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Film Club May 24, 2020July 3rd, 2020

Film Club 18 – Alex Knost


After a two week hiatus, Film Club is back.

And back with a delightful entry from one of our favourite humans, Mr Alex Knost.

Admittedly this was meant to go live last weekend. But the final list never materialised in time. To be fair, it serves us right for asking Al on his birthday weekend. Nevertheless, after various text exchanges, Al came through with 5 choices ranging from the exploration of the Indonesian archipelago, to Oscar winning physical transformations, a sensory mirage of the most influential painter in Western art and fantasy horror featuring the enigmatic Nicolas Cage. Quite an eclectic mix for you to immerse in this Sunday.

Happy viewing.

1) Mandy, Panos Cosmatos, Casper Kelly, 2018

Nicolas Cage gives an insane performance as he seeks out on a slow burn journey against a deranged cult.  The film’s surreal atmosphere becomes increasingly psychotic under a pitch-shifted, synth-heavy soundscape that drips off you with the same satisfaction, that the blood drips from Nic Cage’s existential brush as he paints a mural of revenge. 

2) Blank Generation, Ulli Lommel, 1980

Proto-punk archetype Richard Hell plays Billy,  a New York artist during the late 70s who stylishly struggles between his French journalist girlfriend Nada and his musical career.  Billy gets kicked out his car while contemplating going to the beach and later in the film puts his drinks on his tab.  Dreary jazz and stilted dialogue complete a film that is effortlessly sexual and overtly tender.

3) Ring of Fire: An Indonesian Odyssey, Lorne Blair, 1988

This was recommended to me by my friends Spencer and Matt, of the Allah-Las and what they loosely described seemed unreal or exaggerated. But….filmed from 1972-1982, Ring of Fire is an episodic documentary in 5 parts, starring two brothers from England who traveled by various ways and means through Indonesia.  They convinced the BBC and Ringo Starr to invest in this amazing film.  The anthropologist brothers not only filmed but narrate this stunning journey in a world where time stood still, prior to the westernization you see today in Bali.  It’s all shot on 16mm and what they witness aside from complete humility, high praise of the arts, dance and religion is a beautiful document of harmony between man and nature.  They witness Komodo dragons and human sacrifice.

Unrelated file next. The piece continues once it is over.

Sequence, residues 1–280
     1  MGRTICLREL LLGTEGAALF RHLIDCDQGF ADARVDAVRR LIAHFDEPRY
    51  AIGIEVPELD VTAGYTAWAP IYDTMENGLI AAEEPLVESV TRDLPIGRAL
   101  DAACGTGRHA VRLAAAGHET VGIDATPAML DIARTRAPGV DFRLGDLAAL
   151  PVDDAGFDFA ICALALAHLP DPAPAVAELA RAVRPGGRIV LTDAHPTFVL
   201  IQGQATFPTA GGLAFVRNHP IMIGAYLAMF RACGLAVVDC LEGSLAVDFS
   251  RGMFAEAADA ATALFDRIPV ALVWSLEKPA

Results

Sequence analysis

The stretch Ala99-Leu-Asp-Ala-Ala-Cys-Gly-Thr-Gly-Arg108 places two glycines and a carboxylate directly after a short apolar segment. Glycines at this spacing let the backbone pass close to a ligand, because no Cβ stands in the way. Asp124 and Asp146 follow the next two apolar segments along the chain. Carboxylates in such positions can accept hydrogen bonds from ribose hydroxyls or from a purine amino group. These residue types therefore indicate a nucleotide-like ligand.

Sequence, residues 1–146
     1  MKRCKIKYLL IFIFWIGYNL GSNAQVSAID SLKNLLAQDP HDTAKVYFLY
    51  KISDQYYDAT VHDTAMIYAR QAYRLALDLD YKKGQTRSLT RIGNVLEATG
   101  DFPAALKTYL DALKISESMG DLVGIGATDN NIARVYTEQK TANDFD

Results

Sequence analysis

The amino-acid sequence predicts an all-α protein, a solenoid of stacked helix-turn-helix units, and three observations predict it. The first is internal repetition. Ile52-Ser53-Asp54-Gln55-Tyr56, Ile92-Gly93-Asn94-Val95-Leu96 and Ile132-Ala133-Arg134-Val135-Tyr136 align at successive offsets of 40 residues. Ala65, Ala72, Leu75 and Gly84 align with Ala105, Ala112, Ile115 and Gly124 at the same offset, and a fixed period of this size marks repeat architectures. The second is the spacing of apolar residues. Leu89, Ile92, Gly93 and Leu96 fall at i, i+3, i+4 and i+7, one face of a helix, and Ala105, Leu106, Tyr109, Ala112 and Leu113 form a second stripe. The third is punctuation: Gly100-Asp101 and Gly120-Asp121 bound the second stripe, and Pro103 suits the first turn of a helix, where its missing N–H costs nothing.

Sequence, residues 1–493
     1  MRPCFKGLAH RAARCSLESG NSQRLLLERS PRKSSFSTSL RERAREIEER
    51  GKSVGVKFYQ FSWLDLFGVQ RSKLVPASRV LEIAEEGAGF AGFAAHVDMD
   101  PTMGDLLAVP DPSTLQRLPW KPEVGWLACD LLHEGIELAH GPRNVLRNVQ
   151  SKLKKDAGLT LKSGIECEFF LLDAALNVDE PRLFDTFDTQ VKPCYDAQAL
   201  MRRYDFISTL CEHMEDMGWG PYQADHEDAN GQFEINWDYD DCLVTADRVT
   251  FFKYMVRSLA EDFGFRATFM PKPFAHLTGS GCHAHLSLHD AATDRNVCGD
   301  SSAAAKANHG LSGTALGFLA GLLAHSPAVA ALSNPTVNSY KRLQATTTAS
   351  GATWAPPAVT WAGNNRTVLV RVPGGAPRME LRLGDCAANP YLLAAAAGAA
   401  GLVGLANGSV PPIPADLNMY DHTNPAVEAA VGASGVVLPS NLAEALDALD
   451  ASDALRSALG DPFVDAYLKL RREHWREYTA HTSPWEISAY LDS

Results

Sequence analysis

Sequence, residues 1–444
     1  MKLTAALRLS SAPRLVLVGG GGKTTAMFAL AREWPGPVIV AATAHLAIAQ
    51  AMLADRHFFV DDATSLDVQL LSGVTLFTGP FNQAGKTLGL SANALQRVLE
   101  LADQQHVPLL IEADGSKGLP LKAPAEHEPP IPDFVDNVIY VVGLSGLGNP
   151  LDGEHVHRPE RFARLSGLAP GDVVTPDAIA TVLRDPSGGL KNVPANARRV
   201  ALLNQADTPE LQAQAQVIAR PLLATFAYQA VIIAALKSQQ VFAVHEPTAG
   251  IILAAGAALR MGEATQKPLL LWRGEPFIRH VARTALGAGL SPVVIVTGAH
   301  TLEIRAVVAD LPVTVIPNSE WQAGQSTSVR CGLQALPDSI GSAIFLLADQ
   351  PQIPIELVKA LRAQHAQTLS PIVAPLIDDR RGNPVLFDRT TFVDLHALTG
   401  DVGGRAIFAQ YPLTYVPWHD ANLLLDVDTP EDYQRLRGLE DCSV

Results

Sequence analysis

4) Dallas Buyers Club, Jean-Marc Vallée, 2013

The kind of movie that when I first saw it became my favorite.  Is it because I love Matthew mcconaughey ? Yes but no because I’m not putting surfer dude or that movie where he’s trying to catch that big fish in an alternate universe that happens to be a video game. Costume and cinematography was gut wrenchingly satisfactory, gorgeous.  I was taken aback/impressed,  period correct stories in Hollywood have a tendency to sometimes fail proper detailing, I didn’t see that. The lighting and perspectives haunted my senses. Heart felt, sad, sincere, loving, I was moved. I cried . Jared Leto was incredible.  The demanding physical transformations of both actors was inspiring.  Written and performed  beautifully by actors who transformed into their characters into who they played seamlessly.

5) At Eternity’s Gate, 2018

Willem Dafoe as Vincent Van Gogh. Loved this film so much I watched it twice, back to back on an airplane.  The cinematography worked in a way that my reaction was one that Van Gogh wasn’t a person.  I watched  as he became the idea of what it was to be more alive than a single person. He was a deep blue cloud-like mirage that only hovers momentarily in an artists mind.  Briefly it gives the creator a moment of satisfaction before vanishing, disappearing.  When a new work is being created that same feeling is what you’re looking for.  When point of view is that of Van Gogh in this film you feel it. I recognized it as the sensation that you can’t explain so you create it.

©Wasted Talent Magazine
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